Born a Polish Jew in Stuttgart, in 1910, the rise of Hitler in 1933 meant that Gerta Pohorylle, later Gerda Taro, was never a stranger to discrimination. In this account of her prematurely shortened life, Francois Maspero strives to rectify perhaps the greatest unfairness against Taro – not one of race, but gender.
Ask anyone with even the vaguest interest in history or photography if they have heard of Robert Capa and the answer will almost certainly be yes. But ask the same of Gerda Taro and people are far less knowledgeable. Maspero repeatedly points out this irony, given Robert Capa was not one photographer, but a pseudonym for two.
One of those photographers was Gerda Taro, the other was Andre Friedmann, Taro’s lover and fellow photographer on the front lines of the Spanish Civil War. The pair adopted the name as a defence against the ‘French xenophobia’ that their surnames generated in Paris, the city they fled to and harboured many of Europe’s anti-fascist émigrés.
This biography will leave you better informed about the world’s first-known female war photographer, but Maspero’s writing style uses much hypothetical narrative, flitting in and out of ‘the territory of legend’. The politics of the era Gerda lived in is a significant issue and yet Maspero cannot commit Taro to any specific political persuasion, despite her life and photography centering around her political belief.
In the first chapter, an interview is described between Maspero and Taro that never happened; it’s fantastical scenario and could never have happened. Taro of the illusory interview is an old woman, as the real Gerda was killed on the Spanish front in 1937. Neither does the author write objectively about Gerda Taro – portraying her as a somewhat tragic heroine. Maspero writes that he ‘should welcome it … if every woman had something of Gerda about her’. There is nothing that he is prepared to criticise and Maspero was undoubtedly smitten by Taro.
It is a biography split very definitely into two parts, with Gerda’s life taking up only the first half of the book, while the second is devoted to the camera techniques and the discrepancies between the photos accredited to Robert Capa that have enabled experts to discern if they were taken by Taro or Friedmann.
Spanish militiaman at moment of death
The story of the woman becomes lost in the technicalities of photographic theory, while in-depth analysis of Gerda’s photographs is constantly undermined by the author’s admission that there is no definitive way of guaranteeing that they were taken by her and not Friedmann.
Having said that, ‘Out of the Shadows‘ succeeds in its goal, leaving the reader in awe of Taro and her achievements; jealous of the freedom and vitality with which she approached her life – experiencing ‘a longing, however slight, to have been Gerda Taro’. The reader feels the injustice of her exclusion from history acutely having read her story – her bravery is something that doesn’t need enhancement with supposition – the facts are enough.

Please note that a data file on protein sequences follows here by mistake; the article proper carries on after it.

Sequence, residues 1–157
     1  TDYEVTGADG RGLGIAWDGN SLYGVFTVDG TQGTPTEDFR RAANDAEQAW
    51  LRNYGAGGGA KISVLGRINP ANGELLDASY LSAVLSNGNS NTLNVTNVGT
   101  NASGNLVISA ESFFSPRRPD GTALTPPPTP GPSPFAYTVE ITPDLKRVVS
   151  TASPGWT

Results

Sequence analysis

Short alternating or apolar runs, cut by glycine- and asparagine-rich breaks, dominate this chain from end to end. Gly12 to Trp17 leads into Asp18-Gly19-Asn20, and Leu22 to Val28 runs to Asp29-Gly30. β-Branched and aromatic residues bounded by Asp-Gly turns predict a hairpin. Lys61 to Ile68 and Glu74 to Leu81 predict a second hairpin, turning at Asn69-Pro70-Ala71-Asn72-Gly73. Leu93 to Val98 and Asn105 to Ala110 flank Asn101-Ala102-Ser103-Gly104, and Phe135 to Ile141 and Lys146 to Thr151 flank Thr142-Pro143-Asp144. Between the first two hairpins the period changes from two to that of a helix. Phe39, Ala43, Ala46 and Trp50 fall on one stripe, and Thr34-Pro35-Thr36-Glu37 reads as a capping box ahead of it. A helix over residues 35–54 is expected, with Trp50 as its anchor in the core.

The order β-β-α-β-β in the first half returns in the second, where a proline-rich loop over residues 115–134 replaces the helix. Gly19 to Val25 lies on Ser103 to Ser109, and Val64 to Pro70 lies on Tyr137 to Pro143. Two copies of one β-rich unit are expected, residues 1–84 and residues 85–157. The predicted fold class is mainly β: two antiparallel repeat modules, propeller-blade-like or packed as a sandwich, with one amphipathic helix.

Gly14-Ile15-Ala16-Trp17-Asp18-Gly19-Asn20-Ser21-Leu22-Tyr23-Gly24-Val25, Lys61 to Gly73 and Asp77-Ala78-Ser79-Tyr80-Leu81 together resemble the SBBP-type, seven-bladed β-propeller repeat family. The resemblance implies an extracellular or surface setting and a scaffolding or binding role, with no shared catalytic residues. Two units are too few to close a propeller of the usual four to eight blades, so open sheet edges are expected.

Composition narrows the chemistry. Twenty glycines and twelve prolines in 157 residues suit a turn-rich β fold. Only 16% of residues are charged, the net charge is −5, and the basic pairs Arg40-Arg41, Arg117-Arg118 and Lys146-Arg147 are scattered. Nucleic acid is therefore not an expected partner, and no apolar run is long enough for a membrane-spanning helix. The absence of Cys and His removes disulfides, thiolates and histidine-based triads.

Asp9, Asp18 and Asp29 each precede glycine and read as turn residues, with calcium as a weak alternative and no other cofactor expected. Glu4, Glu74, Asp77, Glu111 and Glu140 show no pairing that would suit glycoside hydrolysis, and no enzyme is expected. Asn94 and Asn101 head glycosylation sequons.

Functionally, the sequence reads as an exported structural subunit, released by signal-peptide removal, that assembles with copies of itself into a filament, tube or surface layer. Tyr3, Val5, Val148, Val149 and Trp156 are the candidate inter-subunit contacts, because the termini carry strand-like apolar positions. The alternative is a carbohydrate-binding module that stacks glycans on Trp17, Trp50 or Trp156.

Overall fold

Perhaps the strongest part of Maspero’s biography is observations of Gerda from the people who knew her, lived with her and loved her. It is from them that we can form an idea of who this remarkable woman truly was. One of the most interesting accounts is by Taro’s friend David ‘Chim’ Seymour. Seymour states, he could not recall whether the photograph accredited to Robert Capa of a Spanish militiaman falling to the ground having just been shot (perhaps his most famous) was taken ‘by Capa [Friedmann] or Gerda’, because both had been in the trenches at the time.
Gerda Taro was a woman who exemplified freedom – ‘freedom as a woman, physical freedom, freedom of spirit’, and her biography conveys this magnificently. Although at times, the bombastic writing and obscure tangents can be distracting, this is a book that nevertheless should be read. Not only does the life of Gerda Taro deserve to be known – she is also an inspiration to anyone seeking to end injustice through a determination to expose it wherever it is found.
Out of the Shadows: A Life of Gerda Taro can be purchased here.
Feminist futures: Red Pepper’s feminist special issue: ● Our bodies, our choice ● Is the future xenofeminist? ● Women and the new unions ● Feminists on the anti-fascist frontline ● Plus: Left politics and the generational divide ● Decolonising museums ● Book reviews ● and much more
And you choose how much to pay for your subscription...
Gargi Bhattacharya examines the sexist reality behind the ‘pro-women’ rhetoric of India’s ruling party
Sophie Lewis assesses Xenofeminism and its close comrades, bedfellows and associates
The treatment of Muslim women shows that French feminism has not shed some imperialist and racist practices, argues Malia Bouattia
'We will win because we have to'. Amy Hall introduces the brand new Spring Issue of Red Pepper.
Joni Alizah Cohen explains what the battle for ‘bodily autonomy’ is about – and why it’s so important.
This International Women's Day, we need to prioritise defending the rights of working women, writes Rosie Urbanovich from War on Want